NASA’s Cassini spacecraft dramatically ended its scientific explorations just three weeks after Martha E. Pollack was installed as Cornell's 14th president on Aug. 25. As an inauguration gift, the Cornell Center for Astrophysics and Planetary Science (CCAPS), the Department of Astronomy, and the Spacecraft Planetary Image Facility (SPIF) presented President Pollack with a model of Cassini on Feb. 16 in Day Hall, commemorating three decades of Cornell participation in Cassini’s historic mission.
The 3-D printed Cassini model was finished in gold leaf by Raven Arts in collaboration with SPIF. The model’s background, an image of Saturn and its moons, represents the unexpected discoveries Cassini made of the Saturn system.
Pres. Pollack, accepting the gift, called the model “gorgeous,” adding, “Thank you so much. It will definitely be in a place of honor in my office.”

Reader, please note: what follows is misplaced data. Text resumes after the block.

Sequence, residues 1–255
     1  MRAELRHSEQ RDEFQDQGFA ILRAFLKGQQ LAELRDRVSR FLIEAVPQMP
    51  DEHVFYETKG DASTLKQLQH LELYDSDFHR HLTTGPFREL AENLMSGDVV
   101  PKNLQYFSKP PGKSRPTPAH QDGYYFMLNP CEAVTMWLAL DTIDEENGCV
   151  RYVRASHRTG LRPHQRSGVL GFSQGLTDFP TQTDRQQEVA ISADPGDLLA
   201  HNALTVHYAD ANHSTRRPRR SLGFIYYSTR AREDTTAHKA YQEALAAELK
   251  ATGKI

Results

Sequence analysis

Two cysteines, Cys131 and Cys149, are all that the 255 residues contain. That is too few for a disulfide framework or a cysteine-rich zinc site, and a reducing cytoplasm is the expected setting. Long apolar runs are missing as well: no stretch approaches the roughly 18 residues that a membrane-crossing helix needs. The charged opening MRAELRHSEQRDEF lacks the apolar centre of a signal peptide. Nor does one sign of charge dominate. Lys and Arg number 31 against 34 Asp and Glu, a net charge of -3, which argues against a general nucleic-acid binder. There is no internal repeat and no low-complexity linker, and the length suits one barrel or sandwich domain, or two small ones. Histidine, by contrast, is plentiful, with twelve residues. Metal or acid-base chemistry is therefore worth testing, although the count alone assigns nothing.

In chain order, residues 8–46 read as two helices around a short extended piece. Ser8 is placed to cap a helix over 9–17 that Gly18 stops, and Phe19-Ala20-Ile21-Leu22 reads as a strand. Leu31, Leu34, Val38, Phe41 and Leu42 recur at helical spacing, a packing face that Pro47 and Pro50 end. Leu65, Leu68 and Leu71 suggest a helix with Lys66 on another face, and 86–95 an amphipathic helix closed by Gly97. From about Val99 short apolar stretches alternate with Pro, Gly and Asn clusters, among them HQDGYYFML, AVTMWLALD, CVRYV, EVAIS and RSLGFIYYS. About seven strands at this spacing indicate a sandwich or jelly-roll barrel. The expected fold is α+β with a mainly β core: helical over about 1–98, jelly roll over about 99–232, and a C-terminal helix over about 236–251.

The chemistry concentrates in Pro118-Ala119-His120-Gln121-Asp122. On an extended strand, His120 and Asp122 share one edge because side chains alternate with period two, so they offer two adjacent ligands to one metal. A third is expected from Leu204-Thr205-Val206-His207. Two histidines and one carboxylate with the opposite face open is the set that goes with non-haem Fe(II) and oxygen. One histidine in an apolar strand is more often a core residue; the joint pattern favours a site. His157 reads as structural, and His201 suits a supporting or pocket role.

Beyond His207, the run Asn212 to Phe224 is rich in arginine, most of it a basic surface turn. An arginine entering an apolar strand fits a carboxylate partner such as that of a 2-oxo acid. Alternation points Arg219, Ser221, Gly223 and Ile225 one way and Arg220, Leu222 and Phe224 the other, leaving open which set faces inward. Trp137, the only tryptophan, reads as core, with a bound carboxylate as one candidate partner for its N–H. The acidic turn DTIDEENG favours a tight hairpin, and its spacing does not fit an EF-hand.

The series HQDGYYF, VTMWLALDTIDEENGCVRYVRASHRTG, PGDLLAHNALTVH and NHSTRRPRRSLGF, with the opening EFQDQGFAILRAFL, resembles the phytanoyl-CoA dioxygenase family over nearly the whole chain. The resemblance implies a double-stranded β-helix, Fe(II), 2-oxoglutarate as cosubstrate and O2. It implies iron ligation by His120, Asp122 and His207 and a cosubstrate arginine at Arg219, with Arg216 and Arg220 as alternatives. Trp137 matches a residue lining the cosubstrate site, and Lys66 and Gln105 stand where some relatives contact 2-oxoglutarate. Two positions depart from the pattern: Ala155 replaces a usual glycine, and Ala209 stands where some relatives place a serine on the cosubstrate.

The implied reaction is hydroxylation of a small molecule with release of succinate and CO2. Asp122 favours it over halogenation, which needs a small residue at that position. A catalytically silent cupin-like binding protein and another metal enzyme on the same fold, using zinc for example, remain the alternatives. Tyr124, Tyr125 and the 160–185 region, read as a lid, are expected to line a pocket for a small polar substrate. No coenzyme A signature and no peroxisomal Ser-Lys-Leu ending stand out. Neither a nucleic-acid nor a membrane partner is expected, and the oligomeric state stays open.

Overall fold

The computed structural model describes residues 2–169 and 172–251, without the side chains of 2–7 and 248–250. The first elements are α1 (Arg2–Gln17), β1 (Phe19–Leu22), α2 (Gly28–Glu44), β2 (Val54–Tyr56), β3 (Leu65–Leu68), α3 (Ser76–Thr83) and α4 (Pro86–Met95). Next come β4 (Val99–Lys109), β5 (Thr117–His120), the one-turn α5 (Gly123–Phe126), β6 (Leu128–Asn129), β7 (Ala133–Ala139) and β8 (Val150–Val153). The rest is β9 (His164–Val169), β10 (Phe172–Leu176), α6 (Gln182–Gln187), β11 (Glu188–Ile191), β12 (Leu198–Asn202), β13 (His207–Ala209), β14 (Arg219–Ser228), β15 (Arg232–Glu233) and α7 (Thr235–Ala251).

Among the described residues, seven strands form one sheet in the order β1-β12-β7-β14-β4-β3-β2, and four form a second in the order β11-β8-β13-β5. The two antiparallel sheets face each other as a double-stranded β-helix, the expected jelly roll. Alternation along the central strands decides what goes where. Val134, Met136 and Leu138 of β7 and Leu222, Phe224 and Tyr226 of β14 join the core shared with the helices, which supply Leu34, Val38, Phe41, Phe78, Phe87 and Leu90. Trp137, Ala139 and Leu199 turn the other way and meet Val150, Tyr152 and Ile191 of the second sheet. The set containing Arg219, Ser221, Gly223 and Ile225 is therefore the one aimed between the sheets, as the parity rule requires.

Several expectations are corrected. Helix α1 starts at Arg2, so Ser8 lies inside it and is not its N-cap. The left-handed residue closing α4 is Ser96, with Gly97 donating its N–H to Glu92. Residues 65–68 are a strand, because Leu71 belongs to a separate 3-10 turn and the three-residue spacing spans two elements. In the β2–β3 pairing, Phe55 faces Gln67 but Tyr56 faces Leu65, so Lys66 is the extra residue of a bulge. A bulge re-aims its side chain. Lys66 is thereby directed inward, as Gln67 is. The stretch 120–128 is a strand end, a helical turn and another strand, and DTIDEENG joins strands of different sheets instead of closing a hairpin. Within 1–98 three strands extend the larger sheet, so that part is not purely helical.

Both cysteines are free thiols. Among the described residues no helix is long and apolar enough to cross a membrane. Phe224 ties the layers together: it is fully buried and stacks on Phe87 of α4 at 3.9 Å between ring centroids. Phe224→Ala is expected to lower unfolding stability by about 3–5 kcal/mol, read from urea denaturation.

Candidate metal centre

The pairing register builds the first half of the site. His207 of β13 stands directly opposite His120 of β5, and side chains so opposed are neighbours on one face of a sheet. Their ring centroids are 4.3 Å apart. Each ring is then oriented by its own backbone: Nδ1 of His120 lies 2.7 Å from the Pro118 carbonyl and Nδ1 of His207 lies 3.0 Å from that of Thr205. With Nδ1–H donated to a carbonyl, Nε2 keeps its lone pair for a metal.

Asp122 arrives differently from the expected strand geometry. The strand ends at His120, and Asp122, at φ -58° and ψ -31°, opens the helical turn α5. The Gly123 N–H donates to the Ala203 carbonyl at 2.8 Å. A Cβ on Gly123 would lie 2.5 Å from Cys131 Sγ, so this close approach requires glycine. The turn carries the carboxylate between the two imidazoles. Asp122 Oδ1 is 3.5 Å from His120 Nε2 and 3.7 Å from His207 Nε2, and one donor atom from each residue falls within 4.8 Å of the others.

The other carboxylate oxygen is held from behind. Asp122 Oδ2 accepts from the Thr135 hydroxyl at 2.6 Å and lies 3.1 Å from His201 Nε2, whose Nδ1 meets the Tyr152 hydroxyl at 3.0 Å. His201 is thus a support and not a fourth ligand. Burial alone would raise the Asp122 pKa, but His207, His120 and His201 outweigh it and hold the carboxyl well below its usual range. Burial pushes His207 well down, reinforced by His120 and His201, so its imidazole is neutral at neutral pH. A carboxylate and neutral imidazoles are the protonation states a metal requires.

From left: Terry Herter, Phil Nicholson, Zoe Ponterio, Alex Hayes, Martha Pollack. Credit: Jason Koski, University Photography
The astronomers making the presentation – Terry Herter, chair and professor of astronomy; Phil Nicholson, professor of astronomy and acting director of CCAPS; Alex Hayes ’03, M.Eng. ’04, assistant professor of astronomy and director of SPIF; and Zoe Ponterio, manager of SPIF – shared some of the highlights of the Cassini mission with Pres. Pollack. They noted the mission’s multi-generational nature; Nicholson, for example, became a member of the Cassini science team in 1991.
The Cassini mission was a paradigm shift in space exploration, said Hayes. Because of its discoveries, astronomers now believe that Saturn's moons Titan and Enceladus may harbor environments suitable to life as we know it (and in Titan’s case, also perhaps life as we don’t). For the first time, it’s possible to build spacecraft that can answer the question of whether life exists outside of earth.
A version of this article also appeared in the Cornell Chronicle.